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A River Lost: The Life and Death of the Columbia Paperback – November 17, 1997


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Product Details

  • Paperback: 272 pages
  • Publisher: W. W. Norton & Company (November 17, 1997)
  • Language: English
  • ISBN-10: 0393316904
  • ISBN-13: 978-0393316902
  • Product Dimensions: 0.6 x 0.1 x 0.8 inches
  • Shipping Weight: 8 ounces (View shipping rates and policies)
  • Average Customer Review: 4.1 out of 5 stars  See all reviews (29 customer reviews)
  • Amazon Best Sellers Rank: #1,292,580 in Books (See Top 100 in Books)

Editorial Reviews

Amazon.com Review

A century ago the place where the Columbia River flows into the Pacific Ocean was a violent cauldron of churning water, all but unnavigable. But the mighty river was tamed by the building of a series of dams, including the colossal Grand Coulee, to provide cheap hydroelectric power and irrigation water. Farms bloomed in the desert; nuclear reactors mushroomed on the river bank. Today barges ply the river, and Lewiston, Idaho, is an inland port. But the negative aspects of human impact are also apparent--the depletion of salmon stocks and the destruction of Native American cultures dependent on the salmon. Washington Post journalist Harden, a Northwest native, returns to examine the changes man has wrought. Harden's enthralling account is balanced and thorough. --This text refers to an out of print or unavailable edition of this title.

From Publishers Weekly

Although shorter than the Mississippi, the Columbia River, on the border between Washington and Oregon, is many times more powerful. Its energy comes from its steepness?it falls twice as far as the Mississippi in half the distance, and is what so attracted government engineers interested in producing hydroelectric power. Numerous dams, including Grand Coulee, "larger than any structure ever built in world history," transformed the river into a huge, navigable lake making Lewiston, Idaho, an unlikely seaport. "The river was killed more than sixty years ago and was reborn as plumbing." Washington Post journalist Harden goes back to his boyhood home (Moses Lake, Wash.) and examines the changes?sociological, environmental, economic and aesthetic?that the taming of this great river wrought. His wonderful account touches on the destruction of Native American cultures dependent on the river and its salmon, and on the near extinction of the salmon themselves. Also fairly portrayed are the people and industries currently dependent on both the managed river and massive government subsidies: the nuclear industry, commercial barge traffic and desert farmers irrigating with the river's water. Harden provides a sensitive and thoughtful examination of a complex situation.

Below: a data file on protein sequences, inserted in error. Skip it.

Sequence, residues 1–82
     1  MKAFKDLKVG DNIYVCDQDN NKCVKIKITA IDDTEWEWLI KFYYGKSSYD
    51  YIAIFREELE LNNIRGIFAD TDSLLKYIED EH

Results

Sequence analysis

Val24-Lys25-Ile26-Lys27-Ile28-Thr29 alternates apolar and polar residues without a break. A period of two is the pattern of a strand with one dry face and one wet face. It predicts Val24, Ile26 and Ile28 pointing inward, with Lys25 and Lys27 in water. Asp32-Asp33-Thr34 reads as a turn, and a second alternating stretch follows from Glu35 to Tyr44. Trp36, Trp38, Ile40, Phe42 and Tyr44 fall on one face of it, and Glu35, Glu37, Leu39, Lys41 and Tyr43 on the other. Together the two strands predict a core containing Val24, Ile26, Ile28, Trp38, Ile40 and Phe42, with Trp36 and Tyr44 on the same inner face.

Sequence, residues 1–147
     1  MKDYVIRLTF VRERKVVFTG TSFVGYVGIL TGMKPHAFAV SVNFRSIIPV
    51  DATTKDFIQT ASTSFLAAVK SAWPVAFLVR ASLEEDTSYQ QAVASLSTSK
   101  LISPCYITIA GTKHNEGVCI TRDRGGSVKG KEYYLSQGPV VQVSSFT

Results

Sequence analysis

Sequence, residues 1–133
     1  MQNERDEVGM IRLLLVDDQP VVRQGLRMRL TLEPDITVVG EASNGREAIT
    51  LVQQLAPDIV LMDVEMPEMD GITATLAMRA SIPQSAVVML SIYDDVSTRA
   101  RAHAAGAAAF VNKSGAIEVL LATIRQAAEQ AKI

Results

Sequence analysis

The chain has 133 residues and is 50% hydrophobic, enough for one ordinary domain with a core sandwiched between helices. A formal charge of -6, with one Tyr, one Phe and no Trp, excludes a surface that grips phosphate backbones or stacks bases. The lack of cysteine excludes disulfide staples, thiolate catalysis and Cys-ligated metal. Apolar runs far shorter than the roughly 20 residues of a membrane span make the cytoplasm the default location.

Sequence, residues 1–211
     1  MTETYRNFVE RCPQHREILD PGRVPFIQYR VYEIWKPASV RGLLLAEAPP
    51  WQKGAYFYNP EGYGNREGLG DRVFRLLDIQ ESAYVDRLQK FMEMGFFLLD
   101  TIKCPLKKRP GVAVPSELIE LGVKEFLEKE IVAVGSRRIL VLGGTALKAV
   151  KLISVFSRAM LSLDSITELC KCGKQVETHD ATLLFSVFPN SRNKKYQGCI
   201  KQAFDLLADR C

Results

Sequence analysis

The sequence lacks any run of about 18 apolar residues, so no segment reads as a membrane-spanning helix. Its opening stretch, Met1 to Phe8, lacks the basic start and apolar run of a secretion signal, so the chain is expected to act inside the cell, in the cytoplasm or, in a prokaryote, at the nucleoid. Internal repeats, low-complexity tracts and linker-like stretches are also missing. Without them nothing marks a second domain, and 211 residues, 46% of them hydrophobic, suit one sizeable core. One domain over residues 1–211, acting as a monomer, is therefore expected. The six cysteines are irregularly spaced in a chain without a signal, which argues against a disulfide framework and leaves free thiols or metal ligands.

Copyright 1996 Reed Business Information, Inc. --This text refers to an out of print or unavailable edition of this title.

More About the Author

Blaine Harden is an author and journalist whose most recent book is Escape From Camp 14, a New York Times and international bestseller that has been translated into 27 languages. It's the story of Shin Dong-hyuk, the only person born and raised in a North Korean prison camp to escape to the West. Escape from Camp 14 won the 2012 Grand Prix de la Biographie Politique, a French literary award, was a nonfiction finalist for the Dayton Literary Peace Prize, and was featured on 60 Minutes.

Blaine has completed a new book on North Korea, The Great Leader and the Fighter Pilot, which will be published March 17, 2015. It tells the story of how Kim Il Sung grabbed power and plunged his country into war against the United States while the youngest fighter pilot in his air force played a high-risk game of deception--and escape.

Blaine contributes to the Washington Post, Foreign Policy, PBS Frontline and The Economist. A longtime foreign correspondent, he worked for The Washington Post in Africa, Eastern Europe and Asia, as well as in New York and Seattle. He was also a roving national reporter for The New York Times and writer for the Times Magazine.

Blaine is also the author of A River Lost. It's about well-intentioned Americans (including the author's father) who dammed and degraded the West's greatest river, the Columbia. The New York Times called it a "hard-nosed, tough-minded, clear-eyed dispatch on the sort of contentious subject that is almost always distorted by ideology or obscured by a fog of sentiment." An updated and revised edition of A River Lost was published in 2012 to coincide with a PBS American Experience program about Grand Coulee Dam and the Columbia River.

Blaine's first book, Africa: Dispatches from a Fragile Continent, was described by The Independent (London) as the "best contemporary book on Africa."

Blaine lives in Seattle with his wife Jessica and their two children, Lucinda and Arno.

Customer Reviews

This book was very well written.
pawwap
The author, Blaine Harden, really focuses on the current events of the Columbia River in an interesting and fun way.
Evan Piehler
This major fault improves somewhat about halfway through the book, but the bad taste is already there.
Wayne

Most Helpful Customer Reviews

8 of 8 people found the following review helpful By A Customer on December 19, 1998
Format: Paperback